Myrtle’s Basket by Charli Mills
Myrtle dug the tubers. Her spade cut the loam, missing the sweet potatoes with garnet skins. She shook them free of California soil, cut their vines, and placed each in a basket her mother wove of old clothes. Myrtle fingered a faded blue cloth, remembering the dress her sister used to wear when she gardened. Before the Spanish Flu robbed them of Althea and Papa. Dirt was harder back then. The graves difficult to hack into the drought-toughen soil. That was the only year they didn’t grow sweet potatoes. Myrtle carried fresh tubers and old memories to her kitchen.
Sweet Potatoes by FloridaBorne
I remember the first thirty years. John was a kind man… until I was diagnosed with Macular Degeneration.
Yesterday, I started wrapping sweet potatoes in foil to bake. He yelled, “You know better than that! You have to cut out the bad spots first!”
“You have no right to tell me how to cook,” I yelled back.
“Just for that, I won’t drive you to the senior center tomorrow.”
I waited until he slammed the door, and drove off toward the bar, to wrap the remaining sweet potatoes for baking. I’d rather go to yoga class with Myrtle, anyway.
The Potato Thief by Hugh W. Roberts
Not everything in the garden is doing as well as the sweet potatoes.
He should never have stolen my home-grown, sweet potatoes.
He may have been an enthusiastic, good-looking man, but just because I gave him some, he had no right coming back in the dead of night to help himself to me and more potatoes.
Furious, I ended up hitting him over the head with the shovel and burying his body under the sweet potato patch. Boy, did it make them taste even sweeter; until the day forensics arrived and dug up the patch.
Still, at least I get to make sweet potato mash for all the boys here in prison.
Pearls and Wisdom by Kerry E.B. Black
Dr. Jackson peers over reading glasses tethered by a pearl chain, an older woman’s style, but age brings wisdom.
I hope so.
“Suri freaked out. Total melt-down. Hit her sister with her crutch. When I hugged her, she bit me. Everyone in the restaurant stared. So, I carried her to the car. Told the others to stay, eat.” I sniff. “I don’t even know what triggered her.”
“It can be anything. A smell. Someone who looked like her attacker.” The counselor shrugs. “A sweet potato casserole that reminded her of him.”
I wish for reading glasses strung with pearls and wisdom.
Child’s Play by D. Avery
He arranged the sweet potatoes into orderly rows on the grass.
“No. They’re dry. Mommy says to put them in the crates.”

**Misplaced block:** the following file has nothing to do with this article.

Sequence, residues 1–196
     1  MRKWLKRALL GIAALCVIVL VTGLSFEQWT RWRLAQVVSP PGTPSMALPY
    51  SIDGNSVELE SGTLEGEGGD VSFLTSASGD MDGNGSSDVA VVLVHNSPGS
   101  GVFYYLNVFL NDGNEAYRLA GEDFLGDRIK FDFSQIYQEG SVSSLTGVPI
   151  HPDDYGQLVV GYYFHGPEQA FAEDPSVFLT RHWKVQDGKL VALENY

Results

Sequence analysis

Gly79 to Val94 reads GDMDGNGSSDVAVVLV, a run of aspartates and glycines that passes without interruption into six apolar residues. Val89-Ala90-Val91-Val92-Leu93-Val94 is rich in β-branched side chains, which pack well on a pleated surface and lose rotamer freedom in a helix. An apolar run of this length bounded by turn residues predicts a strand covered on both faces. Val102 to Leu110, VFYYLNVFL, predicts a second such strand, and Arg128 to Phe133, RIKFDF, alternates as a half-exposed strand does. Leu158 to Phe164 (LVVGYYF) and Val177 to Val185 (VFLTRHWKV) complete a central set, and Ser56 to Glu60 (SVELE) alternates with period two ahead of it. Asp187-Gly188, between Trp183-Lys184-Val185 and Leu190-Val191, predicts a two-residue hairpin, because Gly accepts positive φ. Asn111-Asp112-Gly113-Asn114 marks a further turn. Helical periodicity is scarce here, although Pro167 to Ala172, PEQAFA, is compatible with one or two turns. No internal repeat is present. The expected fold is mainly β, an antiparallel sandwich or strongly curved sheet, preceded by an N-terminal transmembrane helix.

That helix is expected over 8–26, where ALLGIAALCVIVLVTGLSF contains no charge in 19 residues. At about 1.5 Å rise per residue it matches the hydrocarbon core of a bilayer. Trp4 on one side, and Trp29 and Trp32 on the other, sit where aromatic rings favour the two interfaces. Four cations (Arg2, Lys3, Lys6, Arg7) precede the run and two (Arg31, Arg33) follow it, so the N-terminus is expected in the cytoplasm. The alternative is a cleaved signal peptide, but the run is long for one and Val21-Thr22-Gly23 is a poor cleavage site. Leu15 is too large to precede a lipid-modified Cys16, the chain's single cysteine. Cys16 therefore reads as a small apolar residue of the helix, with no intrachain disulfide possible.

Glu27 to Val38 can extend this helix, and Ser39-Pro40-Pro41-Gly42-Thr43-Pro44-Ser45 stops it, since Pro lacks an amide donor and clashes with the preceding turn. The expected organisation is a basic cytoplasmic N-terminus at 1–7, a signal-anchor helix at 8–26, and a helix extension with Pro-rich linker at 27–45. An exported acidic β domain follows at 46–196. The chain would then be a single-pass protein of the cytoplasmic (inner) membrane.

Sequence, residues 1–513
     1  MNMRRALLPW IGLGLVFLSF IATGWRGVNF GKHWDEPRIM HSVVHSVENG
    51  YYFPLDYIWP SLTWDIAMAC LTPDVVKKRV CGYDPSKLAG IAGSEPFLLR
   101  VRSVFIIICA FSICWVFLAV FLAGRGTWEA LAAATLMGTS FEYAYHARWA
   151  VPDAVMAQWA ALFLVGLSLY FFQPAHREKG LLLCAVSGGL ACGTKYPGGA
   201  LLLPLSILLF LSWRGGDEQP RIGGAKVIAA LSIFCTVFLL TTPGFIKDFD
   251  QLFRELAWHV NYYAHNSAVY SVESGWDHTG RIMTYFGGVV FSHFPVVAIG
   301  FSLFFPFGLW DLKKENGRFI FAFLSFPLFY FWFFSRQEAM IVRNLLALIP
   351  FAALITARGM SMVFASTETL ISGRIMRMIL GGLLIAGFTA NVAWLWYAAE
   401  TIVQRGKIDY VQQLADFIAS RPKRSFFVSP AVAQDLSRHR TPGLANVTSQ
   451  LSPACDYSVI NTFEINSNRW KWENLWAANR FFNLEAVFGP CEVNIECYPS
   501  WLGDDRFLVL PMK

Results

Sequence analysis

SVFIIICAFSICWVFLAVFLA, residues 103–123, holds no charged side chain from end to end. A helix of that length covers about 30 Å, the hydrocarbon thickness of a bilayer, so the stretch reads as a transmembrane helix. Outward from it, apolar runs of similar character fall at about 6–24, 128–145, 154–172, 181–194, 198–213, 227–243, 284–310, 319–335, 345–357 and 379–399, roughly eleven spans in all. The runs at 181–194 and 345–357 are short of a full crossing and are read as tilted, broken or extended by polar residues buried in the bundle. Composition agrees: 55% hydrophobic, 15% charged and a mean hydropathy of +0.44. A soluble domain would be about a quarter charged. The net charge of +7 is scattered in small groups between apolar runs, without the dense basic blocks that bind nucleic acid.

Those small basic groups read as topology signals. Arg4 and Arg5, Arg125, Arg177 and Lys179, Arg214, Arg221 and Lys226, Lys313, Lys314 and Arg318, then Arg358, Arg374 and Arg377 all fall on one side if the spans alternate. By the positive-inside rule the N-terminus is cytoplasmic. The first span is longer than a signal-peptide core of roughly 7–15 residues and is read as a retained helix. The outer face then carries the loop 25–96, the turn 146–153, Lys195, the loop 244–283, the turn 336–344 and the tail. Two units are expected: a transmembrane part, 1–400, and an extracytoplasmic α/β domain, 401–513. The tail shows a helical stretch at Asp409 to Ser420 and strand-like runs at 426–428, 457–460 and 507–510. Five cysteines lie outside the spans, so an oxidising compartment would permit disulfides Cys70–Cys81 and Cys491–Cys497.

Ruth knew she was in charge. She also knew that play helped with any work. Her potatoes sang and danced their way into a crate.
His marched, then dove into the crate. “Ayaaaa!”
“Gently. Don’t hurt them.”
He blinked at her, then feverishly started removing potatoes, tossing them to safety behind the tangled vines. “I won’t leave you! Come on!”
She went to him, hugged his tear-stained face like Mommy does, said, “It’s okay Daddy, it’s okay.”
A Filipino Treat by Sue Spitulnik
Tessa looked at the shopping list with skepticism. She asked Michael, “What are you going to make?”
“A dessert that I was introduced to while in the Philippines. It’s a thin tapioca pudding made with coconut milk. Then rice balls, sliced plantains, boiled sweet potato nuggets, and chopped figs are added.”
“It is. You have to prepare all the add-ins first.”
“You’ll sure dirty a lot of pans.”
“Correct. That’s why I’m making it when Lexi and Adam will be here to help with eating and clean up. I promise everyone will love it, especially Emma Blossom.”
Sweet Taties by Annette Rochelle Aben
Many years ago, the group known as Weight Watchers had a recipe for what they called One Potato, Two Potato Salad. What made this different from the standard potato salad was the addition of sweet potatoes! While I don’t remember all the ingredients, I do recall it tasting terrific.
Flash forward thirty years and I meet a vegan chef who makes a potato salad using only sweet potatoes (she doesn’t eat white potatoes). This is also a tasty way to enjoy a picnic favorite. Hers uses tofu in place of eggs and a vegan mayo spread.
Both good ideas!
Diet Spuds by Ritu Bhathal